geolocation.el obtains your current location by obtaining the MAC addresses of nearby wifi access points and then submitting that list to third-party geolocation APIs. Those geolocation services use the known locations of the wifi access points and the relative strength of each signal to triangulate your latitude and longitude.

Development status

The code is feature complete for an initial release. Linux support will come in the future. However the package needs test coverage and more hands-on testing.

I’ve submitted the recipe for distribution on MELPA. Until then, you’ll need to clone the git repository or use a package manager that can do that for you.

Entry points

  • geolocation-update-position gets your estimated position on a configurable interval, then calls geolocation-update-hook functions. The user can customize those hooks, e.g. to achieve location-aware functionality.

  • geolocation-update-calendar is a sample hook that you can use to update calendar-latitude and calendar-longitude, and there are numerous other packages that read those values for phase of the moon, sunrise/sunset times, weather, and so on.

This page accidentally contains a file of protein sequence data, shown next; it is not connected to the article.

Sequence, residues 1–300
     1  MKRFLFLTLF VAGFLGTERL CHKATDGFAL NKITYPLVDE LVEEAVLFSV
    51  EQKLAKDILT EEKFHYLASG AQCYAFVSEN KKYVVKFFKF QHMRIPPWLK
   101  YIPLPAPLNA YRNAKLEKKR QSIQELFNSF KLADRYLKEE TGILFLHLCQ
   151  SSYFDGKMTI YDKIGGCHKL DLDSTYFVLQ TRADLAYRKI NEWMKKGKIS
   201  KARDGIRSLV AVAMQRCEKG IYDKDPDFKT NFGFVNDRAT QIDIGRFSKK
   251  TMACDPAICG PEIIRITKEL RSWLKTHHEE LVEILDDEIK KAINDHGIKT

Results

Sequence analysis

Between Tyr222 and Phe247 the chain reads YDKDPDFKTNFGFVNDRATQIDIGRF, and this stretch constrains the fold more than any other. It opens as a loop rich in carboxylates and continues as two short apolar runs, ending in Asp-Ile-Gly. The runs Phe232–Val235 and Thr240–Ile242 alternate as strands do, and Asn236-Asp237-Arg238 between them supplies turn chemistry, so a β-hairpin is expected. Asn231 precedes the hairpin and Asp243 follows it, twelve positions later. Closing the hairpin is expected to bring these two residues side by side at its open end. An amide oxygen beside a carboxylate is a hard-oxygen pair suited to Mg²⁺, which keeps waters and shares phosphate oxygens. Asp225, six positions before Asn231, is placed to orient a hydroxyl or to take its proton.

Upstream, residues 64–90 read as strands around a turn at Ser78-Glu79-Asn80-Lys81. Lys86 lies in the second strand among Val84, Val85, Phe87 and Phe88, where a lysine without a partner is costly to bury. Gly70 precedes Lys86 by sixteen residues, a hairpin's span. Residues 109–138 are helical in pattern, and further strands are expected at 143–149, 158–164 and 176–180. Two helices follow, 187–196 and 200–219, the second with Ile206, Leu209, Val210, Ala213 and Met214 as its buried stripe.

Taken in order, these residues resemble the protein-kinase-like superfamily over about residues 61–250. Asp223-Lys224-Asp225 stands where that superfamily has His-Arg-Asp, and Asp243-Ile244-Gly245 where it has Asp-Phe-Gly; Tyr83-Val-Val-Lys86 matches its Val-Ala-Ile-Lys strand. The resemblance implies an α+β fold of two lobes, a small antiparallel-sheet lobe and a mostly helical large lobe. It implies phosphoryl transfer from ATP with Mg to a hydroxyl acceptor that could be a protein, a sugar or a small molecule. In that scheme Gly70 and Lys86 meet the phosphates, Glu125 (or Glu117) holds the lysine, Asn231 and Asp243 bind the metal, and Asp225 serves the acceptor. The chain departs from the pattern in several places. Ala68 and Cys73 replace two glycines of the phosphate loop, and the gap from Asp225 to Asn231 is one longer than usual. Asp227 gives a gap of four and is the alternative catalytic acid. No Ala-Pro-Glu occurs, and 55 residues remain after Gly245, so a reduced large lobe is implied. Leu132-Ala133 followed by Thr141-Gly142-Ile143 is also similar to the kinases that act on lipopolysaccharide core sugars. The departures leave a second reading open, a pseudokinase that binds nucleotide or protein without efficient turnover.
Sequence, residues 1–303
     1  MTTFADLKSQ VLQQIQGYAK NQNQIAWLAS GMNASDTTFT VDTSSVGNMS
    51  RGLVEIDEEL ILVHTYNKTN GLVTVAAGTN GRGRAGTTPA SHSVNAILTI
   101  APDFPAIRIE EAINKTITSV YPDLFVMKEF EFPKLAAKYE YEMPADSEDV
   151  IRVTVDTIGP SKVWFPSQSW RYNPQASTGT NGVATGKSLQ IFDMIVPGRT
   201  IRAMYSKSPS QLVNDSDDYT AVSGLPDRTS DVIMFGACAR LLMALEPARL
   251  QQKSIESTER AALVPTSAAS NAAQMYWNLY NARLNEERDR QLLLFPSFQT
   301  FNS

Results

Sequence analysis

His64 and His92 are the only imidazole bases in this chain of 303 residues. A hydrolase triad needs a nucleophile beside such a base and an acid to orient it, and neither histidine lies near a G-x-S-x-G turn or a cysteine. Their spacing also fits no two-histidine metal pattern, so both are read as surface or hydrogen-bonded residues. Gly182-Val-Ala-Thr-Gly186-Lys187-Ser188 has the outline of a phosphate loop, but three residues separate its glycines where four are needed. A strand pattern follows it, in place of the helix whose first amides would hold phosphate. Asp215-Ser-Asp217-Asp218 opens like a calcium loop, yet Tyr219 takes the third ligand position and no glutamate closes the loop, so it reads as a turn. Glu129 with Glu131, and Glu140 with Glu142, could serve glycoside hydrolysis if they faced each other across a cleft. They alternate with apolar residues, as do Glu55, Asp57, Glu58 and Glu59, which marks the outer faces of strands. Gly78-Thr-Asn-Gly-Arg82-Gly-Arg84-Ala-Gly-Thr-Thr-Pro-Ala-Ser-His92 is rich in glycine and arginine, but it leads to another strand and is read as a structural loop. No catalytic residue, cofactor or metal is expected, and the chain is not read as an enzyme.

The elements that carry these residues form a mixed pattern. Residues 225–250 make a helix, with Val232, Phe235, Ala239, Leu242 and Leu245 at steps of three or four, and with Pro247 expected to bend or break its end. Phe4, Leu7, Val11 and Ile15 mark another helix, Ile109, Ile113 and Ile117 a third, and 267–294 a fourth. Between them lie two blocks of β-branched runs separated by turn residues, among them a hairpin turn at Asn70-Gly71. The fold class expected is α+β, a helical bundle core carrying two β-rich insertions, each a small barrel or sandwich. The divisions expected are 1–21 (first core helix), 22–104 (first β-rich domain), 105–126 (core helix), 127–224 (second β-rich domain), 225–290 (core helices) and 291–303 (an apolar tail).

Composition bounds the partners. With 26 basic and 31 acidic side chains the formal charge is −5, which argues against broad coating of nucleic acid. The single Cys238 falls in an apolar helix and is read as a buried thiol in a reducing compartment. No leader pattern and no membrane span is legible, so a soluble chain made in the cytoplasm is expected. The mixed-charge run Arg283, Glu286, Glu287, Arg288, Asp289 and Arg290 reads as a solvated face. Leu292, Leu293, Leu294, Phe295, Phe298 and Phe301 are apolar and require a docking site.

• You can also get directly at the scanned wifi information if you like, see the source for details.

How it works

The library performs wifi scanning using available system utilities: on macOS we use airport; and on Windows netsh.exe. Linux wifi scanning is also possible, just not implemented yet.

You have a choice of third party services to use for the positioning. As of today those services are the Google Maps Geolocation API, the HERE Technologies Positioning API, and the Unwired Labs Location API. It would not be difficult to support other APIs. Right now this means your computer or laptop needs to have wifi(!) and have a valid network connection in order to reach the API servers.

The implementation uses deferred and request-deferred so that the wifi scanning and the REST API calls are non-blocking.

The osx-location package on MELPA performs a similar function using a custom binary that calls the Core Location API. While this means the library is strictly for macOS, the upside is that Apple’s internal APIs can get a position without necessarily requiring the laptop to be online.

For more information


(Image credit: Brilliance at Night: The Americas in Darkness, courtesy NASA and the Suomi NPP satellite.)